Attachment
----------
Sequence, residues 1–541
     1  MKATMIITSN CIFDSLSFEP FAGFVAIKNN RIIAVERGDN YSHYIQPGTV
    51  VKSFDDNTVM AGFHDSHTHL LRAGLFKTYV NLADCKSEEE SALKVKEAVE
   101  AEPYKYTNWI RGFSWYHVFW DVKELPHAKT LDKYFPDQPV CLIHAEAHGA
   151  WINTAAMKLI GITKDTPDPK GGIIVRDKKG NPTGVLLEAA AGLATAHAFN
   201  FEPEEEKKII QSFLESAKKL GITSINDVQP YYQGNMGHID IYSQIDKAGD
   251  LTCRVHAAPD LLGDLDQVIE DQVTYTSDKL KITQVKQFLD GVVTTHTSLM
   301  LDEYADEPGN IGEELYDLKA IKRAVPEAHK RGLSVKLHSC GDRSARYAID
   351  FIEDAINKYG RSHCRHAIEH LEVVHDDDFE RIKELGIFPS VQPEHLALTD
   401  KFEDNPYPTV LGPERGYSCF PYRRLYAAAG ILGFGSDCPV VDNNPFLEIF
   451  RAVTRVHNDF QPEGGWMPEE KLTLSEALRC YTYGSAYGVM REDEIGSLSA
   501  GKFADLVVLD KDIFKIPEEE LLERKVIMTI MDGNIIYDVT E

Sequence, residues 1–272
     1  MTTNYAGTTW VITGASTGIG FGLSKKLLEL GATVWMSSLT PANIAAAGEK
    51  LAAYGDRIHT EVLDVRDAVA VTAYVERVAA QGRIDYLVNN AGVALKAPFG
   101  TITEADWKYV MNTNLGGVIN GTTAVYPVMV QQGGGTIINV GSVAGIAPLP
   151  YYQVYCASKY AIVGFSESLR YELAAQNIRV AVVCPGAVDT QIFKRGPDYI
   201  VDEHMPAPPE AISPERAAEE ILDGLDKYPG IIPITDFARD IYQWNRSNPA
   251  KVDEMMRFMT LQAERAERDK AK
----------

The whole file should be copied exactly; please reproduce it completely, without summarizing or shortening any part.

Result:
Sequence, residues 1–541
     1  MKATMIITSN CIFDSLSFEP FAGFVAIKNN RIIAVERGDN YSHYIQPGTV
    51  VKSFDDNTVM AGFHDSHTHL LRAGLFKTYV NLADCKSEEE SALKVKEAVE
   101  AEPYKYTNWI RGFSWYHVFW DVKELPHAKT LDKYFPDQPV CLIHAEAHGA
   151  WINTAAMKLI GITKDTPDPK GGIIVRDKKG NPTGVLLEAA AGLATAHAFN
   201  FEPEEEKKII QSFLESAKKL GITSINDVQP YYQGNMGHID IYSQIDKAGD
   251  LTCRVHAAPD LLGDLDQVIE DQVTYTSDKL KITQVKQFLD GVVTTHTSLM
   301  LDEYADEPGN IGEELYDLKA IKRAVPEAHK RGLSVKLHSC GDRSARYAID
   351  FIEDAINKYG RSHCRHAIEH LEVVHDDDFE RIKELGIFPS VQPEHLALTD
   401  KFEDNPYPTV LGPERGYSCF PYRRLYAAAG ILGFGSDCPV VDNNPFLEIF
   451  RAVTRVHNDF QPEGGWMPEE KLTLSEALRC YTYGSAYGVM REDEIGSLSA
   501  GKFADLVVLD KDIFKIPEEE LLERKVIMTI MDGNIIYDVT E

Sequence, residues 1–272
     1  MTTNYAGTTW VITGASTGIG FGLSKKLLEL GATVWMSSLT PANIAAAGEK
    51  LAAYGDRIHT EVLDVRDAVA VTAYVERVAA QGRIDYLVNN AGVALKAPFG
   101  TITEADWKYV MNTNLGGVIN GTTAVYPVMV QQGGGTIINV GSVAGIAPLP
   151  YYQVYCASKY AIVGFSESLR YELAAQNIRV AVVCPGAVDT QIFKRGPDYI
   201  VDEHMPAPPE AISPERAAEE ILDGLDKYPG IIPITDFARD IYQWNRSNPA
   251  KVDEMMRFMT LQAERAERDK AK